“Depression Quest” Review

‘Depression Quest’ is an interactive game developed by Zoë Quinn and written by Patrick Lindsey. It deals with the subject of depression—hence the title of this game—and revolves around a simple, text-based choice gameplay. Much like a multiple choice quiz, but with no right or wrong answers. You control an unnamed character and are given a series of every day task: work, relationships, self care, etc. You decide how said character will deal with their deteriorating mental state. To quote from the game’s official website, “this game aims to show other sufferers of depression that they are not alone . . . and to illustrate to people who may not understand the illness the depths of what it can do to people.”

Speaking as someone who used to suffer from depression (and is currently dealing with a concoction of other mental health strains), as much as I love good storytelling through video games, I’m glad that there are games like this that tackles depression just as it is. However, I understand that this game may not be everyone’s cup of tea. Everyone’s experience with depression, especially taking into consideration their personal lives and experiences, are different. This game only shows one side of these experiences. Yes, there were moments where I went ‘I know how that feels’, such as the lapses of lethargy and moments of self-loathing. But the character is assumed to be an adult whereas I suffered from depression when I was a lot younger, there is a disconnect between me and the character, and I didn’t relate to them as much I’d like to be able to.

An interesting feature of this game is that on the bottom of the screen, a panel reveals the character’s condition. The most common one that showed up in my gaming experience is ‘chronic depression’, but there are other possibilities depending on how one plays the game. Depending on the choices the player makes, there will be different outcomes. In total there are five different endings. When playing it, I got the ending in which the character continues to live their lives but their condition worsens as time wears on.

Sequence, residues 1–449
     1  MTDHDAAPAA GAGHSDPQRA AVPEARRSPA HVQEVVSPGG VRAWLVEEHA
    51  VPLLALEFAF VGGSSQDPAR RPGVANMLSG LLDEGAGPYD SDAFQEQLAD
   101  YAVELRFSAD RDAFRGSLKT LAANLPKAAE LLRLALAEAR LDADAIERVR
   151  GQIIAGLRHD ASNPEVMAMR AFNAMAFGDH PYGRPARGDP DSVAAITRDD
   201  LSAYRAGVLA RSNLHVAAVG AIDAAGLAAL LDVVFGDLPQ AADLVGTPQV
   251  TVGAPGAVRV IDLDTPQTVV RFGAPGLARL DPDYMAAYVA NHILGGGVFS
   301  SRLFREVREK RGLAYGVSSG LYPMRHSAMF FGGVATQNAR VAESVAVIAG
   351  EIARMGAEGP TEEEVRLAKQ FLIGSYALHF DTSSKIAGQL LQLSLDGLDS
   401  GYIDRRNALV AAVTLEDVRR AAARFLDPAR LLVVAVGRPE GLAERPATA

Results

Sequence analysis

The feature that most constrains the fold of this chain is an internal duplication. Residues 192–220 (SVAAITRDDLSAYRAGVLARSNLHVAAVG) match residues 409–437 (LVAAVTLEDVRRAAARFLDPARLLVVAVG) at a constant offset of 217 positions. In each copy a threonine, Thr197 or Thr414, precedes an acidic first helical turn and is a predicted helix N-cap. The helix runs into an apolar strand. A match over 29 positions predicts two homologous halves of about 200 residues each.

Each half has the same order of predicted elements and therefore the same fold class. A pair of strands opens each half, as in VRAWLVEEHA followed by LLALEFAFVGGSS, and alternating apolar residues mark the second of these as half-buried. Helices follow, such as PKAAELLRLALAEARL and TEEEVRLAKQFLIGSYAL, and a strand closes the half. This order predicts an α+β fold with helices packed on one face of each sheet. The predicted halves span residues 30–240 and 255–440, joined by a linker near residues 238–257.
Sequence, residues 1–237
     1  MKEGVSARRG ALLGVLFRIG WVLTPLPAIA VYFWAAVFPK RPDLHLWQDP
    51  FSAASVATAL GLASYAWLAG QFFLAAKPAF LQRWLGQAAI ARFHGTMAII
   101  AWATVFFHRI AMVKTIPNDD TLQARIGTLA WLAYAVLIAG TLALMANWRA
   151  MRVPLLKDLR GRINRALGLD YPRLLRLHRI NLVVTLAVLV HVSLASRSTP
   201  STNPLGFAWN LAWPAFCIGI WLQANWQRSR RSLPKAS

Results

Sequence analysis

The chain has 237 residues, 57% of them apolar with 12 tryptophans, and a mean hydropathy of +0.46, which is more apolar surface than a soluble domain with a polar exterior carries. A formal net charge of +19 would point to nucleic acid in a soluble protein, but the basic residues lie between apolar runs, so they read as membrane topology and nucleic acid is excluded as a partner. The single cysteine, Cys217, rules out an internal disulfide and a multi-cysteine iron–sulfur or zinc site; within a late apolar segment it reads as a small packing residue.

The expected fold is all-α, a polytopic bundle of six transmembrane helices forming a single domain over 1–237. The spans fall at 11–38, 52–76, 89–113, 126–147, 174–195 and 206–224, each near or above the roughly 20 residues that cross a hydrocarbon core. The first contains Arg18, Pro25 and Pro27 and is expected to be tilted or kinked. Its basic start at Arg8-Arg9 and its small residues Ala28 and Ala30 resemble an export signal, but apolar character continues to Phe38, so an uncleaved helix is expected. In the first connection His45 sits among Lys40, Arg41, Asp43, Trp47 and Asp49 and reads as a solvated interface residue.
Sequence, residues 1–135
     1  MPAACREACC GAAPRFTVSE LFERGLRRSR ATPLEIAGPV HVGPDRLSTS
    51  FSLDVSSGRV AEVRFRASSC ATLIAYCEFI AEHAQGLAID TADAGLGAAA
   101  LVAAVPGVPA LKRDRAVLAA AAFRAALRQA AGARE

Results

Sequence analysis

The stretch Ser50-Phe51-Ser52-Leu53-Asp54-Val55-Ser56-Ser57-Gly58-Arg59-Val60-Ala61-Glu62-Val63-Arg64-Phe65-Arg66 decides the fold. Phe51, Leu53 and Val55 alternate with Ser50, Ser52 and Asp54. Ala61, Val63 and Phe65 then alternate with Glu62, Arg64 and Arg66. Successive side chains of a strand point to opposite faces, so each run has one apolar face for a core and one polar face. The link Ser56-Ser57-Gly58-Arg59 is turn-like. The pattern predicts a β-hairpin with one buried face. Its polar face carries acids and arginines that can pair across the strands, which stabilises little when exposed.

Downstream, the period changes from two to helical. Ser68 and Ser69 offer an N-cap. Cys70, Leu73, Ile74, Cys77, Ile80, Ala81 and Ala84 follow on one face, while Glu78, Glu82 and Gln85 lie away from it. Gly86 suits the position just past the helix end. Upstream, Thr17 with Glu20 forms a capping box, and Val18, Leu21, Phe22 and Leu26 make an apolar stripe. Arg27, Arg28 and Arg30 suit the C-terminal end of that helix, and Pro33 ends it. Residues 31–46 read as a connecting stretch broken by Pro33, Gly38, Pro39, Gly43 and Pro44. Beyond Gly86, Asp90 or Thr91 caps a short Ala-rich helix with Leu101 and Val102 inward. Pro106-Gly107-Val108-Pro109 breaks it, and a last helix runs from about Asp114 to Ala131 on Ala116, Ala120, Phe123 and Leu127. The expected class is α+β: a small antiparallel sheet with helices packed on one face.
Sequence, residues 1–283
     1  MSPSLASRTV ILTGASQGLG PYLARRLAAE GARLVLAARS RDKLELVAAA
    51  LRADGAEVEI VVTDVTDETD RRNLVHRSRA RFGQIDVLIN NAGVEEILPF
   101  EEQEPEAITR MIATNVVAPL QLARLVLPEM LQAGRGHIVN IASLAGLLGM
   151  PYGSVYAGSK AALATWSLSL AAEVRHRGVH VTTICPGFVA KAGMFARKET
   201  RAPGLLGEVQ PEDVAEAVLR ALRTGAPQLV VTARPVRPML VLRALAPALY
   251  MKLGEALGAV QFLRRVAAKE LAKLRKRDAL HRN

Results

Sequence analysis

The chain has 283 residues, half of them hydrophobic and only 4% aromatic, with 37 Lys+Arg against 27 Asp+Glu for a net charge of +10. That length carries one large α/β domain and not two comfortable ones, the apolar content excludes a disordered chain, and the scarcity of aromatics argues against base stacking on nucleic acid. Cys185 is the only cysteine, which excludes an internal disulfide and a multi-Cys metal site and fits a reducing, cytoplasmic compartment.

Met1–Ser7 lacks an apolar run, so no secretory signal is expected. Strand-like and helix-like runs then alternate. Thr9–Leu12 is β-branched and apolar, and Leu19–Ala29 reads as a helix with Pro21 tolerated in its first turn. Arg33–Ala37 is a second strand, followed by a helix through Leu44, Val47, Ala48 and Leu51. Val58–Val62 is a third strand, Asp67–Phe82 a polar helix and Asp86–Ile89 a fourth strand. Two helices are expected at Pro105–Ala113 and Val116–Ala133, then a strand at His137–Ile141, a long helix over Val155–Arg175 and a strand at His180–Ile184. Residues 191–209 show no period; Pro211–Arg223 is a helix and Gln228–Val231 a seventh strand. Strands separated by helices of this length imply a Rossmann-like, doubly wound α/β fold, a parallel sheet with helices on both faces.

Unlike most choice-based games, the longer the game goes on, the more choices will be eliminated—with a strikethrough to indicate that it isn’t an option, even though it’s possibly the best one for the character. When talking about the relationship with the character’s partner, the player is given the choices to either break up, talk things through and give the relationship another chance, or to succumb to self-doubt and self-loath. Obviously, the best way to go is communication, but that option is made unavailable. This is both enlightening and frustrating because it opens the player up to the gritty reality of depression—that while the right choice is in front of you, depression skews one’s perception of reality and prevents one from taking that positive step forward.

‘Depression Quest’ is a simple, cleverly-made game that reveals the player the hidden side of the mental illness. Its gameplay, as infuriating as it may be sometimes due to the choices, makes it a lot easier for people to grasp the reality of the situation. I recommend this game to those who would like to step into the shoes of the depressed and those who would like to understand it a bit more.

If you’ve made it this far into my post, thank you for reading! Have you played ‘Depression Quest’ before? If so, what did you think? If not, would you like to? Let me know in the comments and I’ll see yo in my next post.

Until next time,
Dev.

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